Literary Takes on Mathematical Intuition

Posted on: August 17th, 2012 by agreicius

In Quomodocumque we find a nice quotation from David Foster Wallace about mathematical intuition, which he compares to James Joyce’s heady notion of epiphany. I’ll take this occasion to record some of my other favorite literary views of our fair science.

Robert Musil, from The Man Without Qualities, Volume 1, Book 28:

“…the solution of an intellectual problem comes about in a way not very different from what happens when a dog carrying a stick in its mouth tries to get through a narrow door: it will go on turning its head left and right until the stick slips through…And of course though a head with brains in it has far more skill and experience in these turnings and twistings than an empty one, yet even for it the slipping through comes as a surprise, is something that just suddenly happens.”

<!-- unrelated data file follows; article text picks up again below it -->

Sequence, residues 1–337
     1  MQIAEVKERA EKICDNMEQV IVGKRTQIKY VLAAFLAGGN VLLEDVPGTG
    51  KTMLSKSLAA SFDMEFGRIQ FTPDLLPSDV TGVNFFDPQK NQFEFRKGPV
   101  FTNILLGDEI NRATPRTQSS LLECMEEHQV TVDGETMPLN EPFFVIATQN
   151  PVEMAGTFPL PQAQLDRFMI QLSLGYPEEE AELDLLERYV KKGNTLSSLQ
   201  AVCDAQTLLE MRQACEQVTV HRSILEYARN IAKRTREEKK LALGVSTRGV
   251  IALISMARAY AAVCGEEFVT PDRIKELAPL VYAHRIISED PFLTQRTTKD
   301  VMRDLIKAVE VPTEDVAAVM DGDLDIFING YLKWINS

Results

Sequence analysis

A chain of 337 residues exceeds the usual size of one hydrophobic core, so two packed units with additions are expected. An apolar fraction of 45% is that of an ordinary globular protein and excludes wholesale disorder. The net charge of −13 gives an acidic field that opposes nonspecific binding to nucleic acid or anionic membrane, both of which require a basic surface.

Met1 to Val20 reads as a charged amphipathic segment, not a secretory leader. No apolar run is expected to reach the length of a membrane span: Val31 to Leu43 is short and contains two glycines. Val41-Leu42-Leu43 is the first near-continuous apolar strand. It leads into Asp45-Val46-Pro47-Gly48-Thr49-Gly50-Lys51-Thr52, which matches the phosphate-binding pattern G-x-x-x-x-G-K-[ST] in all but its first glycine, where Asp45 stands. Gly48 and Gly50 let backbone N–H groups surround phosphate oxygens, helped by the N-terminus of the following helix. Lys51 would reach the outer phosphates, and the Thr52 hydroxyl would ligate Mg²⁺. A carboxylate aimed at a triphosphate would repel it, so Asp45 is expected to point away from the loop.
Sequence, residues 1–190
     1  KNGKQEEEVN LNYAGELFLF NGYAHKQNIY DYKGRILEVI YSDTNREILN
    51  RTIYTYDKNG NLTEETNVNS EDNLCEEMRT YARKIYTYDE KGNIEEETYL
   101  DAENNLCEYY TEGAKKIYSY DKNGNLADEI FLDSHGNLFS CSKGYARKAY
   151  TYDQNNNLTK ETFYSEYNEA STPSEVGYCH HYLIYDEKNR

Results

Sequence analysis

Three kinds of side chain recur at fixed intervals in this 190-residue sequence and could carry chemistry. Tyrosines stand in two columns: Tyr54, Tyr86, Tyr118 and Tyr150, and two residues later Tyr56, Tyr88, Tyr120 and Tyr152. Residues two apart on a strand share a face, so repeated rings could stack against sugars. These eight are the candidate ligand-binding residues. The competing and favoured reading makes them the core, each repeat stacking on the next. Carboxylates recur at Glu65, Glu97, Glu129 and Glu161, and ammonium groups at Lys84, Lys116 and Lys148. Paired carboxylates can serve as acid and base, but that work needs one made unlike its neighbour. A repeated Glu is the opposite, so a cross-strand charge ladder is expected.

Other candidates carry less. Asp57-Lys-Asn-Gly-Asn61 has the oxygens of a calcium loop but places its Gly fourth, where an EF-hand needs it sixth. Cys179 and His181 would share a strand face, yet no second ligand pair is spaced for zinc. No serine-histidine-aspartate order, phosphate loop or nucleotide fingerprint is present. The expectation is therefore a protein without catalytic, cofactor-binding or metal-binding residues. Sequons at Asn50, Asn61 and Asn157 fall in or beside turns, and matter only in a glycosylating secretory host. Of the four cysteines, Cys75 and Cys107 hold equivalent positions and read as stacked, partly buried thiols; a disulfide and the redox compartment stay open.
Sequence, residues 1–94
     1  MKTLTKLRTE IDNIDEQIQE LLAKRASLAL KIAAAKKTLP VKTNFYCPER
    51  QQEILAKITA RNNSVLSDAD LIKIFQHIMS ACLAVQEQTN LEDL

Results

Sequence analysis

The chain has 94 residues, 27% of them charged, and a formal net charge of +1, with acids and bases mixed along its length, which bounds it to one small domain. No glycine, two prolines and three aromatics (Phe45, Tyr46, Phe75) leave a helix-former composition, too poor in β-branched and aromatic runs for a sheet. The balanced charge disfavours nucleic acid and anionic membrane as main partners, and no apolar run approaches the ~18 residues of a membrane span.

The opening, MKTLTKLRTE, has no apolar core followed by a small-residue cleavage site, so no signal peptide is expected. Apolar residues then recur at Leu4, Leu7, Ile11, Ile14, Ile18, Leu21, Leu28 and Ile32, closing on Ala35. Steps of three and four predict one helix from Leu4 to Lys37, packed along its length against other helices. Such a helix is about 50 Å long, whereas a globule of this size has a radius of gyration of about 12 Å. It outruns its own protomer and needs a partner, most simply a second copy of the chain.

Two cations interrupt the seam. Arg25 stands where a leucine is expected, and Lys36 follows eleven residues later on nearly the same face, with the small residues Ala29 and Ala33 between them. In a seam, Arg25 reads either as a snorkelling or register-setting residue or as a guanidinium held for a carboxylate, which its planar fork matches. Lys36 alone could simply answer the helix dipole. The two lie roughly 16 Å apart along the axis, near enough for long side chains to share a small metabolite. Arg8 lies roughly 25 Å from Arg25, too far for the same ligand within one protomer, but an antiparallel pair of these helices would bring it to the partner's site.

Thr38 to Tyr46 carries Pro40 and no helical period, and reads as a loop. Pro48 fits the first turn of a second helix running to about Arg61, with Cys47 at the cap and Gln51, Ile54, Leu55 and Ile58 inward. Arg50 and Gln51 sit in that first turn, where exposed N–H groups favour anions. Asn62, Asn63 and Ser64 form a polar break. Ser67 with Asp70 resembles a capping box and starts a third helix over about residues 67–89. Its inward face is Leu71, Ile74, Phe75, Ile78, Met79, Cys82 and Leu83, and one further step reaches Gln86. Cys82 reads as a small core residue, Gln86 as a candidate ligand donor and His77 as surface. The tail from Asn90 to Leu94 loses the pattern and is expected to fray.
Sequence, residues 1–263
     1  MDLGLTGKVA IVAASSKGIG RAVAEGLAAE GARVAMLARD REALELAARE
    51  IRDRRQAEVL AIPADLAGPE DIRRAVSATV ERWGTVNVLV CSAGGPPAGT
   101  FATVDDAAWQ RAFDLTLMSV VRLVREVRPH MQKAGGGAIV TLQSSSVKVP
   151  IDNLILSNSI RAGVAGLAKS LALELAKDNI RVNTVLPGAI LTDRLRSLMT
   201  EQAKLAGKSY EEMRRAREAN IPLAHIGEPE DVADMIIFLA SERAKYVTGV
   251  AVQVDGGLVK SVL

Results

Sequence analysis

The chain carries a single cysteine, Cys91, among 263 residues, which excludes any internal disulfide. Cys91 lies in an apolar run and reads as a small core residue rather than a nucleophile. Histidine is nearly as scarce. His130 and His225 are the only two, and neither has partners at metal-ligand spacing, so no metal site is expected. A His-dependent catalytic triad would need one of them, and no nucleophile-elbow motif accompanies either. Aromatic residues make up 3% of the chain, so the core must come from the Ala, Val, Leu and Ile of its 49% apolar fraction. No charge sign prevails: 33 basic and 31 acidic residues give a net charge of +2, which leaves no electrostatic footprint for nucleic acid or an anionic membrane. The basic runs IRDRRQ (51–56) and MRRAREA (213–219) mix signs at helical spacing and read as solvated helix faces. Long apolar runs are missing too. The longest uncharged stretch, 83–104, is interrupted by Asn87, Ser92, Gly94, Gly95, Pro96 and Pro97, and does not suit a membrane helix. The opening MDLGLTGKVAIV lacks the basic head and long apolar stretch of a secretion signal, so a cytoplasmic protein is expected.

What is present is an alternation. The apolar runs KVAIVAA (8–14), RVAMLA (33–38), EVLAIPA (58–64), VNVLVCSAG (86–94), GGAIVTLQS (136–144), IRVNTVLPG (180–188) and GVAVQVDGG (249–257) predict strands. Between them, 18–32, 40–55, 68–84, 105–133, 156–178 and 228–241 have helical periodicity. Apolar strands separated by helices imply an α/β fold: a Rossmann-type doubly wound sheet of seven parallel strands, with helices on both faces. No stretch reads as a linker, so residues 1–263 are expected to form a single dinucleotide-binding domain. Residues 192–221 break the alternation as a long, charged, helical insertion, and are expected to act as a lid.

Paul Valéry, from Monsieur Teste:

“The idea, the principle, the flash, the first moment of the first condition, the leap, the jump out of series…To others, the preparation and execution. Cast your net here. This is the place in the sea where you will make your catch. Farewell.”

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